From the very first time I officially heard about social entrepreneurship almost two years ago until now, my personal definition of the term has changed and evolved countless times. Although I believe that official definitions are indeed important for us to have an anchor from which to base our experiences on, I always enjoy hearing other’s differing opinions and perspectives. Instead of just giving you my own version of the “official” definition, I would like to show you how my perspective has changed from my own experiences and the people that I have come into contact.
Before I had heard the term, I was actually introduced to the idea through my Mission President in Kobe, Japan. Like so many other formerly successful corporate businessmen, my Mission President had an intense desire to give back to the world by improving the quality of education and started a training program for teachers that followed the model of his former company, Franklin Covey. Through this experience, my budding, personal definition of social entrepreneurship was someone using their practical skills to tackle a social problem.
Once I had been introduced to the wonderful world of social innovation, I became good friends with last year’s president of MUSA and the founder of the Students for Social Innovation, Kyle Poe. He had a brilliant, business mind with a big heart for social change, and he used his experience and knowledge in accounting, finance, and consulting to assemble a group of students on campus that would assist socially innovative companies around the world. Although he wasn’t directly solving a pressing, societal problem, he used his practical skills (like my mission president) to tackle social problems in an innovative and new way, which further refined my evolving definition.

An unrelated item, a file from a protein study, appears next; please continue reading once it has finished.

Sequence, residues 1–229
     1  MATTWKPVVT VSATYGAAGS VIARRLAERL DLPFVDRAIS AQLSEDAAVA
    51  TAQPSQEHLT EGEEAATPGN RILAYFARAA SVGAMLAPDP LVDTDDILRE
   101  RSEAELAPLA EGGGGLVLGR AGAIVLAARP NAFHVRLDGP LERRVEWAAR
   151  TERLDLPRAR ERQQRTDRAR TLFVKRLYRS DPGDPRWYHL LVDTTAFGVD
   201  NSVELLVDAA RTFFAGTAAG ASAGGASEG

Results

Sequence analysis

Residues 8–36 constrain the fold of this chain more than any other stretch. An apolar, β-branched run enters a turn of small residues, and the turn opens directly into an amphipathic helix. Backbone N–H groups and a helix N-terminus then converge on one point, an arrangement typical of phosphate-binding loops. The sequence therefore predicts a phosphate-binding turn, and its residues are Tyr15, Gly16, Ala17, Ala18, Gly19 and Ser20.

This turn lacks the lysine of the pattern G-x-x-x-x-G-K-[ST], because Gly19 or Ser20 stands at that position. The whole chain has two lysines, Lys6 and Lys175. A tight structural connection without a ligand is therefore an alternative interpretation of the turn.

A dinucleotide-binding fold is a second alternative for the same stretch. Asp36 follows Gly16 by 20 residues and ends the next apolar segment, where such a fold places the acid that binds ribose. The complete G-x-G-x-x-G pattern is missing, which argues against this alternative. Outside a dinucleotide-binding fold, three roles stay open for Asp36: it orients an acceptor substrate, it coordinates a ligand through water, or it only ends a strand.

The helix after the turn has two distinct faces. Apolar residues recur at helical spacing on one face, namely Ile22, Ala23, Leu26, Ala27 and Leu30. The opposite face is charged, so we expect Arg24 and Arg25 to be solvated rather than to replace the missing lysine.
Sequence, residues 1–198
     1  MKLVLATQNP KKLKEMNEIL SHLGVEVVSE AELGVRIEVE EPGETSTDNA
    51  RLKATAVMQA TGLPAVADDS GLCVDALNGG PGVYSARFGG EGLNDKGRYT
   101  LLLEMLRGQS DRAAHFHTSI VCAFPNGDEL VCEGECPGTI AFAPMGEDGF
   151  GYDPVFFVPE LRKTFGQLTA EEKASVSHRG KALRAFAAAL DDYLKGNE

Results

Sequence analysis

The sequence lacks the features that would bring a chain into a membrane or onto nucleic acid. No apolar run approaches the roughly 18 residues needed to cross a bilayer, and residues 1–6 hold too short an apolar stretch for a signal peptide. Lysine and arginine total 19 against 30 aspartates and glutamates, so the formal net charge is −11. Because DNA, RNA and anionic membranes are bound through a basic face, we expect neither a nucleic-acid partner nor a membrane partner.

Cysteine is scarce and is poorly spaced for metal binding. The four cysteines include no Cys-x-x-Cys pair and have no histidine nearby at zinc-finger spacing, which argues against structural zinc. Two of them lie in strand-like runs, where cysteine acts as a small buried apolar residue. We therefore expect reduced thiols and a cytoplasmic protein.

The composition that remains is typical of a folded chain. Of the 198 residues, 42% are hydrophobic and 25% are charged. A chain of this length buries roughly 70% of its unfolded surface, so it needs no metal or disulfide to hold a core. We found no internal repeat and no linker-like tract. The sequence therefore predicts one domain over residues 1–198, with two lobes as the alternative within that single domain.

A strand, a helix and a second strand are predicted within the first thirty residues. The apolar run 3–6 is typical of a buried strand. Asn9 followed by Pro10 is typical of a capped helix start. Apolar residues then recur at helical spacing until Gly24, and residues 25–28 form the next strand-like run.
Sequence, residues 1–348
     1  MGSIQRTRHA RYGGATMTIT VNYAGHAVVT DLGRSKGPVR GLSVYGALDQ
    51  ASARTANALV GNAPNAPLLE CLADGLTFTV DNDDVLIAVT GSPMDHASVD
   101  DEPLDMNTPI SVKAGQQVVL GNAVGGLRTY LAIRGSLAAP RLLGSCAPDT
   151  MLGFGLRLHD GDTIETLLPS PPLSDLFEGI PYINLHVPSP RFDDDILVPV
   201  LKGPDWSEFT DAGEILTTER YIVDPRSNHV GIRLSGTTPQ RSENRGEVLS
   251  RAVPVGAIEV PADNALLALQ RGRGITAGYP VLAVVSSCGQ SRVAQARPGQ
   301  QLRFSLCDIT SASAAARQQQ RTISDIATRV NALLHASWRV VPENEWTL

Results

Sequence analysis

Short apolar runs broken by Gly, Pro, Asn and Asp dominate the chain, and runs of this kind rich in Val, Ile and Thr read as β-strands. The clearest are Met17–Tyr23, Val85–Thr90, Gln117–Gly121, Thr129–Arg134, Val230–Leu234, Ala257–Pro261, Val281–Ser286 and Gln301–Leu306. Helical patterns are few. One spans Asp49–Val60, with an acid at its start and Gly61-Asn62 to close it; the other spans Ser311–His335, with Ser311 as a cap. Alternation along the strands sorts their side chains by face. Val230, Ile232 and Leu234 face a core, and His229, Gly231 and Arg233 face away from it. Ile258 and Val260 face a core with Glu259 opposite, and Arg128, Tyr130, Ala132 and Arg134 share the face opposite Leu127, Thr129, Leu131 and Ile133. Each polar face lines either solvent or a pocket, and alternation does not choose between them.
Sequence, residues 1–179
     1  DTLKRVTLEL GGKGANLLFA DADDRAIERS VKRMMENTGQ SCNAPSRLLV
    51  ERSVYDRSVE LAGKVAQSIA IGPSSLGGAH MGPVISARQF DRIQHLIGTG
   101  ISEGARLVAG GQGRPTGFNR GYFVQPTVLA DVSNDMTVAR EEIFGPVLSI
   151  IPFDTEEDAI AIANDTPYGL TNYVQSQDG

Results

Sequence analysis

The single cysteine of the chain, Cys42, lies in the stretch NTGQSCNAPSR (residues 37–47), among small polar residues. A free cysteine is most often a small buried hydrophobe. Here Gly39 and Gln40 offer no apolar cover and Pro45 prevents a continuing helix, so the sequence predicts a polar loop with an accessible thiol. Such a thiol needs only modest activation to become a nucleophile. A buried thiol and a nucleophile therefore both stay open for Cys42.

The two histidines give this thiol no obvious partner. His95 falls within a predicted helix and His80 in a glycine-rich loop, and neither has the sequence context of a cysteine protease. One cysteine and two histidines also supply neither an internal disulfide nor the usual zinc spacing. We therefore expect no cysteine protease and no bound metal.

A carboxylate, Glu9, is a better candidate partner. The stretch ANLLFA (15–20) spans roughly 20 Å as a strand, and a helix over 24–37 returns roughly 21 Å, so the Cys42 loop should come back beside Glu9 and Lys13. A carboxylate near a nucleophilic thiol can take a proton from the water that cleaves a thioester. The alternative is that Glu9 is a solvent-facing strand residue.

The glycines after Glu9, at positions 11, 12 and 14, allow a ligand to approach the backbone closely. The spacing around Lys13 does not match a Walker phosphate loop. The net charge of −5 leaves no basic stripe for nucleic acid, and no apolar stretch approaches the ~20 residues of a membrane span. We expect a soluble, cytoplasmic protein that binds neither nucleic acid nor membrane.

Finally, I had the incredible opportunity to teach business classes in entrepreneurial training last summer in Uganda, and the amazing, local Social Entrepreneurs that I met further transformed my definition. One person that I met in particular was Sanga Moses, a TED fellow that we had the privilege of running into in the rural village that we lived. His story can hardly be told in just one paragraph of one blog post, but if I were to try it would be something like this: coming from practically nothing, the child of Rwandan refugees, Sanga rose to the top through hard work and was on the fast track to grand wealth, but instead chose to pursue social entrepreneurship because of a passion and desire to serve his fellow man, the level of which I have never seen or heard of in my life. Through my experience with Sanga, I learned that practical skills and innovative ideas must be coupled with an unconquerable passion to serve.
Here is how my definition has evolved thus far, and I know that at my young age it is only going to transform even more with new experiences and new people, and honestly I am excited for that change.